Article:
The Importance Of Skeletons

871 Words 4 Pages
According to Merriam-Webster, a monument is a memorial stone or building erected in remembrance of a person or event. Nowadays, many are opposing for some monuments to be taken down, those that glorify the darkest of history, while others are protesting for the exact opposite. I believe that monuments that oppress and remind others of a history that they would rather forget should be removed, especially within a progressive world where ideals are constantly changing to provide a diverse home for many. Imagine yourself walking past a statue or monument of a man who is glorified as a hero, but in your ancestry and history, is the opposite. A sense of unity is necessary for a country to thrive as long as they can, but in this scenario, there …show more content…
For example, Martin Luther King Jr. cheated on his wife. Should those shadows represent who the person is or what they have accomplished? To this, I answer with my own questions; Have these shadows influenced human society as a whole? While this view differentiate amongst other people, it is clear to see that the answer is no. The morals of the person who is being commemorated is more important when considering if a particular man is genuinely and honestly worthy of a positive legacy, rather than his ‘skeletons’. ‘Skeletons’ are insignificant things that might bring shame, but are irrelevant in history’s perspective. It is clear that Martin Luther King Jr.’s morals were not to commit adultery in every single occasion possible. His morals was to bring equality to everyone, true equality, to every citizen in the United States. In addition, these views should be considered in a more contemporary point of view and mind. These arguments could also be used when debating about the removal of Robert E. Lee monuments in particular. Some use the slippery slope fallacy and argue that if the government is removing the Robert E. Lee statue, then they might as well remove George Washington’s monuments or those commemorating Thomas Jefferson, since they were both slave owners. However, it is easy to recognize that their morals and participation in history was not to defend a right that crippled many; their morals and participations include defending a new nation from tyrannical British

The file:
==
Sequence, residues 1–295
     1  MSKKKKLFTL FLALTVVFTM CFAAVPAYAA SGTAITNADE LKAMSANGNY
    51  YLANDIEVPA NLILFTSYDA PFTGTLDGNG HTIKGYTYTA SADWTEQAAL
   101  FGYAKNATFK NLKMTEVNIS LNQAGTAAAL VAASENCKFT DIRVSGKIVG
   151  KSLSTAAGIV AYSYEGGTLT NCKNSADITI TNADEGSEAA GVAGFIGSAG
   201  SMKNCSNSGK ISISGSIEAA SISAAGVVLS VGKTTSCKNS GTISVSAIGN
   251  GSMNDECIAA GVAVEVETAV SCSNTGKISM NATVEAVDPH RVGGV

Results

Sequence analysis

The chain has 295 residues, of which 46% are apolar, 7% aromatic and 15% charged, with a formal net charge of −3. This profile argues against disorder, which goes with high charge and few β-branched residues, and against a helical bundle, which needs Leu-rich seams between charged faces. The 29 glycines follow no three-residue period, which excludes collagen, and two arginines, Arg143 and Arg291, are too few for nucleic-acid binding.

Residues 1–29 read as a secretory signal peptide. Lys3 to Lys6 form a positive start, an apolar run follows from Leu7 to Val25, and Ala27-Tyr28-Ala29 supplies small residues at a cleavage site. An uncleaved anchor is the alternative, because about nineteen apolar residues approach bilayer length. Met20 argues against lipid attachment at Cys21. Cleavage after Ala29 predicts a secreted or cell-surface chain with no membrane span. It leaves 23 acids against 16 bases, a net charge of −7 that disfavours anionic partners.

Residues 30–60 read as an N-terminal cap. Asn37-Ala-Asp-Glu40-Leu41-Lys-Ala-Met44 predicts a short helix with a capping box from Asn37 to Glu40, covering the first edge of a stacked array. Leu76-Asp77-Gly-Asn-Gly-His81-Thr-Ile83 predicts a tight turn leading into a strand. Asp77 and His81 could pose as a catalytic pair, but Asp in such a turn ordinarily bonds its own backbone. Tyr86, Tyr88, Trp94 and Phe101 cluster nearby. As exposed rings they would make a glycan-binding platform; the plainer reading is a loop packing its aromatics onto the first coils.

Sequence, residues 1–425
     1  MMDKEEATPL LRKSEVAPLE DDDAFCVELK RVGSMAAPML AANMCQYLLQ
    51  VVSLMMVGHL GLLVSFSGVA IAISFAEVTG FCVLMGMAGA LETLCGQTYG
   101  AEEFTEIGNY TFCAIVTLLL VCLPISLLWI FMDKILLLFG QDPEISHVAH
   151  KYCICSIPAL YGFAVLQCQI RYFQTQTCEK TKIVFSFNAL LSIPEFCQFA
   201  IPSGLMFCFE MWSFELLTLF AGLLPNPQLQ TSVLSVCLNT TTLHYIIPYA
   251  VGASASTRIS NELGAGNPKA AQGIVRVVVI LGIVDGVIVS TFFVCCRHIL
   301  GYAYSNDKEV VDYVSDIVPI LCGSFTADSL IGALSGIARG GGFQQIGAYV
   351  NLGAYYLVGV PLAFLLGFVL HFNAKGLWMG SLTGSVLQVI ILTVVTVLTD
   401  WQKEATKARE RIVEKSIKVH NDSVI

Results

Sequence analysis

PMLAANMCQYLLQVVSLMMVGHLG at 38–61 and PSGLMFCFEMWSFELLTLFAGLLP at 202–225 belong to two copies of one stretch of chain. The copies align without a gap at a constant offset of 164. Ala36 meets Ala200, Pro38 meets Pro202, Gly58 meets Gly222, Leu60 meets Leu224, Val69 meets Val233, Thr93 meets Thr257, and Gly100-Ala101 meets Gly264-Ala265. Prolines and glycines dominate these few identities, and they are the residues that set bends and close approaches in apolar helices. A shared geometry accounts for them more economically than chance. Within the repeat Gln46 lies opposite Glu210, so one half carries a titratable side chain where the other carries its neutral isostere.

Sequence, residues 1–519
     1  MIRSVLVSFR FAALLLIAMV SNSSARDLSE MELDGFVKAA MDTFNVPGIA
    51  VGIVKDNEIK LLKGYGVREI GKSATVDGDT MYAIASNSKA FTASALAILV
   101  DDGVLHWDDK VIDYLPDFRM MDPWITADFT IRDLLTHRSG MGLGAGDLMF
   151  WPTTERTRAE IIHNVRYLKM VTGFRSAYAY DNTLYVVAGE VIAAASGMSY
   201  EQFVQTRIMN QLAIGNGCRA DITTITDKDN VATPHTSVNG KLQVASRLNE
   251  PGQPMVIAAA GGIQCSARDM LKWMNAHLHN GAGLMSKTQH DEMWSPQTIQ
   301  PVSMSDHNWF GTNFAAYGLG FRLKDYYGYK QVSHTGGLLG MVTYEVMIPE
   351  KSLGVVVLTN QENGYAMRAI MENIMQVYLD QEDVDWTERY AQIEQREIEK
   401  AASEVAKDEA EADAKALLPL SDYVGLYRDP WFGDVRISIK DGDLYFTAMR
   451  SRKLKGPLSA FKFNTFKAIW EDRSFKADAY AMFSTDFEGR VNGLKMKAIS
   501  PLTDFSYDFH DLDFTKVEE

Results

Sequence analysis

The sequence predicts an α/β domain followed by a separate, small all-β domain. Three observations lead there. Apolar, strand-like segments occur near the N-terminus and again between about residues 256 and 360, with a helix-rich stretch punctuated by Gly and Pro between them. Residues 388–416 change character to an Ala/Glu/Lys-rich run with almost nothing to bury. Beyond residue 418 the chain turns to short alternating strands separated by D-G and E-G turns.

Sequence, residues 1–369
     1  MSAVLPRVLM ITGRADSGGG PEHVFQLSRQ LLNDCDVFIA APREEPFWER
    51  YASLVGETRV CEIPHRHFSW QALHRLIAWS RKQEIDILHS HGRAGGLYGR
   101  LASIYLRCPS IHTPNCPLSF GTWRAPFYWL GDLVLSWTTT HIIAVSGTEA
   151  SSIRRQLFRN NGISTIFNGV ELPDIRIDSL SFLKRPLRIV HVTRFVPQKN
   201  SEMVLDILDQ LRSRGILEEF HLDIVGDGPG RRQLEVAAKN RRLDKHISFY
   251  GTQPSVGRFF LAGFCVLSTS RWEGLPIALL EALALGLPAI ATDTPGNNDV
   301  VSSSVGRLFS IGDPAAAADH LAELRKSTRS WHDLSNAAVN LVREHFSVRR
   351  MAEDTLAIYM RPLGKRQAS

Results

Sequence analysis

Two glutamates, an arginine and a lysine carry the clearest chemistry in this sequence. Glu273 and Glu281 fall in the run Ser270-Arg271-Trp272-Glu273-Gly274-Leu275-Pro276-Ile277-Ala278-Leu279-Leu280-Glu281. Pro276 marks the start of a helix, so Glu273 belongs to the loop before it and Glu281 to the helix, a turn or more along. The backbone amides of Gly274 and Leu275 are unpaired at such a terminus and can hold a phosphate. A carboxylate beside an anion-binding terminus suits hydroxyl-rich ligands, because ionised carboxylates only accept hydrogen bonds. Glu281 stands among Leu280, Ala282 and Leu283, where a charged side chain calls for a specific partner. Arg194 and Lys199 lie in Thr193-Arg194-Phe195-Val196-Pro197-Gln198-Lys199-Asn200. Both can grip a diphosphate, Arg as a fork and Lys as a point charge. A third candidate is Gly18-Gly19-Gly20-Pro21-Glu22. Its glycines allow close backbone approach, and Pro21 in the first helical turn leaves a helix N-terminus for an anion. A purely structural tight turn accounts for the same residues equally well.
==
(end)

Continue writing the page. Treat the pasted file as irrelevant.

Related Documents